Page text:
Commodore Frank Bainimarama
Paris, 29 June 2010
Dear Prime Minister,
Reporters Without Borders strongly condemns your decision to promulgate the Media Industry Development Decree yesterday, as it marks a dangerous step backwards for press freedom and media development in Fiji.
Fiji’s press was a model for the rest of the Pacific for many years. The presence of newspapers, radio stations and even TV stations displaying a significant degree of independence allowed Fijian journalists to do their duty as professionals.
This decree means that Fijian journalists now risk being jailed at a time when the international trend is for press offences to be decriminalised. It provides for prison sentences for those who endanger public order and the public interest. Journalists and media executives can be tried before a Media Tribunal, which will also be able to intervene in print and broadcast media content.
This is deplorable. Above all it will reinforce the already significant level of self-censorship that has existed since the coup d’état that brought you to power n 2006. It is true that this decree is not as repressive as the 2009 Public Emergency Regulations that institutionalised prior censorship, but it enshrines a desire to control and censor the media.
As a result of the Public Emergency Regulations, criticism of your government’s policies has virtually disappeared from the Fijian press. Journalists can still cover business, society, culture and sports but there is no longer any critical analysis of the country’s now extremely curtailed political life.
The only newspaper that has resisted government control is the Fiji Times, which is now directly threatened with the possibility of disappearing as a result of a provision of the Media Industry Development Decree requiring 90 per cent of the shares of any Fijian news media to be locally owned. The country’s most popular newspaper, the Fiji Times, is owned by Rupert Murdoch’s Australia-based press group News Limited. Under the terms of the decree, News Limited now has three months to sell it or close it.
Drafting a law specifically to punish a publication that is considered overly “negative” is unacceptable. We note, for example, that the law insists that a news organisation’s executives must all be Fijian citizens and must have been resident in Fiji for at least three years. The aim of this is to prevent experienced foreign journalists from being put in charge of the Fiji Times or any other Fijian media.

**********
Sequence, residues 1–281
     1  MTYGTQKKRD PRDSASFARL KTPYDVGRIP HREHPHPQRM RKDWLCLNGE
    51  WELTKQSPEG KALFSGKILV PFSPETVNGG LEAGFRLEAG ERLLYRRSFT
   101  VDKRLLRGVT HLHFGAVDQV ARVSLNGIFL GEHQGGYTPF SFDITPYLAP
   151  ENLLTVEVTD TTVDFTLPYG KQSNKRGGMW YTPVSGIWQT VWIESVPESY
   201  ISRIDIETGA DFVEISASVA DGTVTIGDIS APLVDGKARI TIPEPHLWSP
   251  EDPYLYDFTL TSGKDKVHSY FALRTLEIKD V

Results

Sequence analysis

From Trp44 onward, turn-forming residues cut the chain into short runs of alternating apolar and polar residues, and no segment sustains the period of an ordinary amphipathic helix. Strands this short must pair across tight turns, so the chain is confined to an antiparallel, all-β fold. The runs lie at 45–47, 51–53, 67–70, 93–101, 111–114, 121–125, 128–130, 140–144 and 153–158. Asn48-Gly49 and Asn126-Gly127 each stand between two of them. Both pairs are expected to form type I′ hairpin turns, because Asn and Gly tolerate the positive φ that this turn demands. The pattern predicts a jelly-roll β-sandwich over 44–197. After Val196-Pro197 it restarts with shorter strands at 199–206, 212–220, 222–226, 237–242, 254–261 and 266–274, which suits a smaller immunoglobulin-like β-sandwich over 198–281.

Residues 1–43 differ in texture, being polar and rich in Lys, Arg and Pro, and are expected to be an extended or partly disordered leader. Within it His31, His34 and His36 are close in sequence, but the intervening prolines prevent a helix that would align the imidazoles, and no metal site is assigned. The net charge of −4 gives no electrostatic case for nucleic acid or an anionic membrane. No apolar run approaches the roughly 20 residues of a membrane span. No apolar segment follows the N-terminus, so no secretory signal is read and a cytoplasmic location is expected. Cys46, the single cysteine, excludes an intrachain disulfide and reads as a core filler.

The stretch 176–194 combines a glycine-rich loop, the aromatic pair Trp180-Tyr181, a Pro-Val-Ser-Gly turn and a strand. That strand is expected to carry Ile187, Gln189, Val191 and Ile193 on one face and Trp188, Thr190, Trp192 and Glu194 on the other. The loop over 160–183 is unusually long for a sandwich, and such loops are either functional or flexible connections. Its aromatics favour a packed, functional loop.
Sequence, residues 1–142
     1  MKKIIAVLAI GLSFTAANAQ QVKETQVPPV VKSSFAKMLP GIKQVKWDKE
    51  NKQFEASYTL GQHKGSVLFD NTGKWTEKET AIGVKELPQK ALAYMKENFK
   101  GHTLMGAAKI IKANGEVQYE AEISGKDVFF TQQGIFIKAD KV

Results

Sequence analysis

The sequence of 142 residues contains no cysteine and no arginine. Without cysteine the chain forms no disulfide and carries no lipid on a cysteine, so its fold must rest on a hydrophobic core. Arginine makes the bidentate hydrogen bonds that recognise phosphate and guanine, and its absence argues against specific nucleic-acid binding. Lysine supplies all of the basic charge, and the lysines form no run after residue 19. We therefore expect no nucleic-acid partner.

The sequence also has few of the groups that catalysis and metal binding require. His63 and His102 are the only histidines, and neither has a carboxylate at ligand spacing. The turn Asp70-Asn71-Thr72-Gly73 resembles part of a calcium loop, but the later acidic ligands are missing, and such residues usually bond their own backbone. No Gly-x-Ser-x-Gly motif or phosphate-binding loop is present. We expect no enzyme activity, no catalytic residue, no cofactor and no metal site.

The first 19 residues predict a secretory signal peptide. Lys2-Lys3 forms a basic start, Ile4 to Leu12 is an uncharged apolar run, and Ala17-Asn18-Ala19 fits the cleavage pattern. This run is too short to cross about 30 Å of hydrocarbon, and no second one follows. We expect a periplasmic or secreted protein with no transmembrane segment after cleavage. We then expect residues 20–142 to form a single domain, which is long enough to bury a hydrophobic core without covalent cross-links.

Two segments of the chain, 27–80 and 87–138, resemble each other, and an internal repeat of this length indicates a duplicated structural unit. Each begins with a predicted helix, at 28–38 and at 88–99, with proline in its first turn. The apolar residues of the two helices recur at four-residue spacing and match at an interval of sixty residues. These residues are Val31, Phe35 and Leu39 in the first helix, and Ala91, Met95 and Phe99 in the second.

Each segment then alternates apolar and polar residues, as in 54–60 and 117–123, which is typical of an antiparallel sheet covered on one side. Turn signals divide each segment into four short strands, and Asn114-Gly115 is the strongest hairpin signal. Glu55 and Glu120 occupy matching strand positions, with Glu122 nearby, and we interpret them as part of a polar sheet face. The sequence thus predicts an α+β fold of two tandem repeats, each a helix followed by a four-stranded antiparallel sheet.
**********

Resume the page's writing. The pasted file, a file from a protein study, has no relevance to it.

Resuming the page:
In order to intimidate media owners and journalists and stress the firmness of your government’s position, attorney-general Aiyaz Sayed-Khaiyum said: “I wish to make it clear that any media organisation which fails to comply with this requirement shall cease to operate as a media organisation, and shall also be liable for an offence under the decree.”
We also deplore the fact that the Public Emergency Regulations are still in place despite government promises that they would be lifted.
Because of your government’s obstinacy in wanting to censor your country’s privately-owned press, we support the adoption of international sanctions aimed at condemning the promulgation and strict application of these regulations and decrees. It should be noted that Fiji fell 73 places in the 2009 Reporters Without Borders press freedom index, and is now ranked 152nd out of 175 countries.
We urge you to end your country’s international isolation by rescinding the Public Emergency Regulations and the Media Industry Development Decree. As things stand, your policies are preventing the international community, including the European Union, from resuming close cooperation with Fiji. The repressive regulations that you have introduced punish the Fijian people and jeopardise the development aid that the economy and society need. It is up to you and you alone whether your country continues to run this risk.
We hope you will give our comments your careful consideration.